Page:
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Employee Rights Archives

Retirement benefits

It is important for employees to plan their retirement ahead of time. There are different methods to plan for your retirement and make sure you can live a comfortable life after finishing your career. Besides pension, government employees have 401(k) plans allowing employees to invest in them. People who do not have access to 401(k) can create retirement accounts (IRA) to save money for their future. The federal government also has several laws in place to make sure the future of employees is protected. The Employee Retirement Income Security Act (ERISA) examines how retirement funds are being provided to senior citizens.

Federal laws and whistleblower protection

Sometimes employees have to work with the added stress of knowing that an illegal activity is taking place at their organization. In some cases, employees cannot take the added pressure and choose to whistleblow against their employees. It is difficult to decide what decision to make because you could risk losing your job or face retaliation from your employer. You should keep in mind that the law protects you completely in case your employer chooses to retaliate against you.

Rights of minors working for a small business

Minors often look for summer jobs to earn some extra money. Those who pay for their tuition may try to find work to earn enough money for when their semester starts. Others might be looking for some extra cash. There are specific laws in place to protect the rights of underage people who are often employed by small businesses. It makes sense for these businesses to hire minors because they bring a lot of energy and come at a lower wage than others.

The benefits of establishing a SEP

The Simplified Employee Pension, or SEP, offers an easy retirement plan option for employers. Unlike other retirement plans, which require setting up a separate plan, in a SEP you can make contributions to your own Individual Retirement Account (IRA) and to the IRAs of your employees. These contributions are subject to some percentages of pay and dollar limits. Factors such as firm size, age, revenue, retirement, the compensation needs of the employer and workforce determine whether a SEP is suitable for a business.

Obtaining unemployment benefits

If you have lost your job through no fault of your own, you might be eligible for unemployment benefits and compensation. With growing economic problems, organizations are laying off employees to reduce expenditure. Payroll taxes paid by most employees go to the Unemployment Insurance (UI) Fund. If you are unemployed, you might be able to receive a percentage of the amount you used to earn through the fund. But you must document your efforts of looking for a new job to be eligible.

Protection for whistleblowers in the United States

Organizations may be unethical and corrupt, but this does not mean every individual working for them has a part to play. Some employees expose wrongdoing at their organization by whistleblowing. Whistleblowing is the exposure of information to internal or external sources by an employee, which proves something illegal, unethical, fraudulent or corrupt is going on within the organization.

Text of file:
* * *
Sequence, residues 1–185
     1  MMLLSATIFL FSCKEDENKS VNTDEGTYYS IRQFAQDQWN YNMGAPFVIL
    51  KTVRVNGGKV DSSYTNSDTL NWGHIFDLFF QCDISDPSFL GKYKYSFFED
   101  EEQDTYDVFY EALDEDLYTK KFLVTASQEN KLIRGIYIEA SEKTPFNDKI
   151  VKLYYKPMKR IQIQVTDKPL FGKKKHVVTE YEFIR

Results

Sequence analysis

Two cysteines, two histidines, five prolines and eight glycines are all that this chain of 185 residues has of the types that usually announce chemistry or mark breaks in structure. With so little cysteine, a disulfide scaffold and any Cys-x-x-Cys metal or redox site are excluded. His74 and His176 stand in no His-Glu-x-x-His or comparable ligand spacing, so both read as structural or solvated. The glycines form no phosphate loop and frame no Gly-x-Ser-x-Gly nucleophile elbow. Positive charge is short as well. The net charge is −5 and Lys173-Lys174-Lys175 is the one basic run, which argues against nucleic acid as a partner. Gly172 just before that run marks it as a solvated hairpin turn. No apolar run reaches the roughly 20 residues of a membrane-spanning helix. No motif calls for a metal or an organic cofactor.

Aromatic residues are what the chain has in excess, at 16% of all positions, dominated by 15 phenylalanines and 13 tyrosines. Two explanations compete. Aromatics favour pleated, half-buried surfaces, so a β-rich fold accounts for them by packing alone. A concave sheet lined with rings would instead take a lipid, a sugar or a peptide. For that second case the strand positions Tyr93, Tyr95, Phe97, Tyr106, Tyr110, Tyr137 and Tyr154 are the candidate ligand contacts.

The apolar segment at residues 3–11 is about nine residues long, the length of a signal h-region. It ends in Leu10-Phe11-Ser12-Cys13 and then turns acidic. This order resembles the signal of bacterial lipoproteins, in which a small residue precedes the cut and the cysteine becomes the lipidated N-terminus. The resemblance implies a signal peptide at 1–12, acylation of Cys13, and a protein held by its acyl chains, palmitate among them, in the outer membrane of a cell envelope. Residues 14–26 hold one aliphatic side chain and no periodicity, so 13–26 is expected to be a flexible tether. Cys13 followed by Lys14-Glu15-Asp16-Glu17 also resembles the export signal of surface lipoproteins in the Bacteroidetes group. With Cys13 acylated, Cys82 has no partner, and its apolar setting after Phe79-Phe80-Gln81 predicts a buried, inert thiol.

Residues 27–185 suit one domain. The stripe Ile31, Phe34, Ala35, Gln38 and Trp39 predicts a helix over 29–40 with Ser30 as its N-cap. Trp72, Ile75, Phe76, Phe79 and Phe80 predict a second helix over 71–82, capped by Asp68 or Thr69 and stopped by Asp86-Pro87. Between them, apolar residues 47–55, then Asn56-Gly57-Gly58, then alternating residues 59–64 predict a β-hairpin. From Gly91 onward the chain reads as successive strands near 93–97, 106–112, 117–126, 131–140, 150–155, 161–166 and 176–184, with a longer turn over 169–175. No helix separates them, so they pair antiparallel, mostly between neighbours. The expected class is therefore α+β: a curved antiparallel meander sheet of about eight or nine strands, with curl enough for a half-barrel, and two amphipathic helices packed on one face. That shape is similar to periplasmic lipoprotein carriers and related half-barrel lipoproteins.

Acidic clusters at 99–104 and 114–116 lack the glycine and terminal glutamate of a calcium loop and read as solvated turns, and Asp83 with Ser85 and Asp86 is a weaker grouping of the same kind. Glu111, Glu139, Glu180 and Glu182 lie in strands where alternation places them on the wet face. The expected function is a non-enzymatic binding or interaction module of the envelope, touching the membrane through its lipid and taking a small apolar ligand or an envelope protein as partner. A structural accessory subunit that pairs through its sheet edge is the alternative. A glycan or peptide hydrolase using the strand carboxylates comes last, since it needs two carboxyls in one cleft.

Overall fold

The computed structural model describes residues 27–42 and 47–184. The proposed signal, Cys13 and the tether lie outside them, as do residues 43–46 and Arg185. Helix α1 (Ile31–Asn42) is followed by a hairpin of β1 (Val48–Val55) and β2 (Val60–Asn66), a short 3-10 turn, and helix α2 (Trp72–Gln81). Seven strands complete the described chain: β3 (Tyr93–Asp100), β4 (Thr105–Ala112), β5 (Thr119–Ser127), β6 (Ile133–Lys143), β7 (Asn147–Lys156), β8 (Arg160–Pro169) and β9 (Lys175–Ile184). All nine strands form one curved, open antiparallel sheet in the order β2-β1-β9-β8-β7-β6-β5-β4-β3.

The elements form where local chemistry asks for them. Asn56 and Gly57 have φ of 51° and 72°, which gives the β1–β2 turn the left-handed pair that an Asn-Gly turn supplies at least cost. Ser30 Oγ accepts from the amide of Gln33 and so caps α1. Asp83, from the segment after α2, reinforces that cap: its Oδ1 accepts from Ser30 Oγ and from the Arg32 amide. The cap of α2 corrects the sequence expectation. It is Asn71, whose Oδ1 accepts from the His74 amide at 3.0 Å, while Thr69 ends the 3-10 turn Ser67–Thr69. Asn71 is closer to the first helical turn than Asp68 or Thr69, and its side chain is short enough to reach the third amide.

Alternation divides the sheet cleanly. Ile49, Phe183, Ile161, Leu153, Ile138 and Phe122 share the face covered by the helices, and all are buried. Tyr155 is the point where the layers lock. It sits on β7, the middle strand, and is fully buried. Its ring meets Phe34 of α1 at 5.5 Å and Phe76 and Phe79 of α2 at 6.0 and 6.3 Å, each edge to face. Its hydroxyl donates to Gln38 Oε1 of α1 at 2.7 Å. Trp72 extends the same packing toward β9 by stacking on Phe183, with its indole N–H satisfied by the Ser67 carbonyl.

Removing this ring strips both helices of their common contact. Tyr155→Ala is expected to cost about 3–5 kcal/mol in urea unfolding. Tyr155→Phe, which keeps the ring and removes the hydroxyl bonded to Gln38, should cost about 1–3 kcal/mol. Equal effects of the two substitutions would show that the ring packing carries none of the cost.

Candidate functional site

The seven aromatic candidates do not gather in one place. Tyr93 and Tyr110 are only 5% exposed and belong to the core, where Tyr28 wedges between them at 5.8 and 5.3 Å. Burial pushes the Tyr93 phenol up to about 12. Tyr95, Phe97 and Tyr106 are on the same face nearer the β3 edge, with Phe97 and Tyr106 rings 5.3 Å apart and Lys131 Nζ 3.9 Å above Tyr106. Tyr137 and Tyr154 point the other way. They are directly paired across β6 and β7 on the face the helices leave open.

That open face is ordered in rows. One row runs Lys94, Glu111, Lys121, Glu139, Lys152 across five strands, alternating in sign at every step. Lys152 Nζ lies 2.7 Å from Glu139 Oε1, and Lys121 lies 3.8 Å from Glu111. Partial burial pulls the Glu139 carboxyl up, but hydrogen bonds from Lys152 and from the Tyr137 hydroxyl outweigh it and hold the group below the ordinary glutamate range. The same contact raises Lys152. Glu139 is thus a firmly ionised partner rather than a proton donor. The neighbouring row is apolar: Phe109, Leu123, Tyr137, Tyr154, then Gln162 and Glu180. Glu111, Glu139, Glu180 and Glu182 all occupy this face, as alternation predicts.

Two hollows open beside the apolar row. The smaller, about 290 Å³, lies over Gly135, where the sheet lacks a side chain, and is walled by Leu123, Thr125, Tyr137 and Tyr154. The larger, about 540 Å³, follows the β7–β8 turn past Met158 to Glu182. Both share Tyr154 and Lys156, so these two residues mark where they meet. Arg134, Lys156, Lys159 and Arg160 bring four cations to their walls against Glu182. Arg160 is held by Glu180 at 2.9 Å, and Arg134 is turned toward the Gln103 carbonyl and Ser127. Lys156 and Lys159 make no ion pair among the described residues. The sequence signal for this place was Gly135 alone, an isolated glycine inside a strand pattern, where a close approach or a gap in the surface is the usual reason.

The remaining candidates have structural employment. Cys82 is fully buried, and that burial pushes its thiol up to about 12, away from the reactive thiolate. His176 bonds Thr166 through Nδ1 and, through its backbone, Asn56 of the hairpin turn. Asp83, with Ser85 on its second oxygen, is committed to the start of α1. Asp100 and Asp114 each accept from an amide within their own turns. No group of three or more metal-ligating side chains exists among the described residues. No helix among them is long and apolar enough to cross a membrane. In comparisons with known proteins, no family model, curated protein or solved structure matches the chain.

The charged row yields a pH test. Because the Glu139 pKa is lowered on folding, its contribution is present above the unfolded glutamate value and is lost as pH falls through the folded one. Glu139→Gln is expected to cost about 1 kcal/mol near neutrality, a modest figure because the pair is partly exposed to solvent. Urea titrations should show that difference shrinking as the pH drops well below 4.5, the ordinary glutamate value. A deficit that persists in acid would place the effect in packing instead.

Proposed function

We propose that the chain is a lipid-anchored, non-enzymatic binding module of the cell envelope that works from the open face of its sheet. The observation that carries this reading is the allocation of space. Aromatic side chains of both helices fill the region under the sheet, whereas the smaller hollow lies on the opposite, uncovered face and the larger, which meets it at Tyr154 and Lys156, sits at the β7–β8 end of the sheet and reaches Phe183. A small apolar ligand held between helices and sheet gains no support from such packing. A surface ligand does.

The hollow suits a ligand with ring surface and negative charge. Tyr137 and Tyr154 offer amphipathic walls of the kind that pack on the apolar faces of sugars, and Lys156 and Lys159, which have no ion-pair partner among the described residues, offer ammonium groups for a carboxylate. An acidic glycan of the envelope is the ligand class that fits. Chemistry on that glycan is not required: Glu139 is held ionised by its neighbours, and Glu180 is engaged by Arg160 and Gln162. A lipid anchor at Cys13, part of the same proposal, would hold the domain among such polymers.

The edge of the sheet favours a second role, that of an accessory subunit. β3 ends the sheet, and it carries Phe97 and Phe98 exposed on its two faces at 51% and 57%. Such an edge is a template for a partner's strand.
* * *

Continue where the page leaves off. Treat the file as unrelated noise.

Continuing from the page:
Appellate court decision favors NFL in "Deflate-gate" case

What started as a silly dispute between one millionaire and another has evolved into a titanic struggle that pits union and labor rights against business interests. At the center of this controversy is Tom Brady, the Patriot's quarterback, and Roger Goodell, the Commissioner of the NFL. The "Deflate-gate" scandal centers around allegations that Mr. Brady deflated footballs used in a playoff game. It was alleged that this improved the grip on the ball and gave Mr. Brady an unfair advantage. The dispute involved scientists and lawyers from all over the country.

Department of Labor implements new civil penalties

For years the civil penalties that government entities could levy on companies that violate their employees' rights have been stagnant. Congress did not allow the agencies to peg the penalties to inflation. The net result was that the "bite" of the penalties was slowly eroded over time until they were essentially meaningless. But last year, Congress passed the Federal Civil Penalties Inflation Adjustment Act Improvements Act of 2015, to advance the effectiveness of penalties.

Your rights under a multi-national employer

As corporations become increasingly multinational, it is understandable that their managers may misunderstand which law they are bound by. In the United States and its territories, U.S. employment law controls. All covered workers regardless of their citizenship or work authorization status are protected by U.S. equal employment opportunity (or "EEO") laws. This post will go over some common examples and exceptions to this general rule and how they may apply to you.

Returning to work and workers' compensation benefits

Workers' compensation is paid out to workers who are injured on the job. Workers get a quick and guaranteed source of benefit funds and in exchange, they agree not to sue their employer. Everyone's costs are reduced, and everyone wins. But what happens when you return to work? Are you benefits automatically ended or is there some sort of grace period? This post will go over those questions.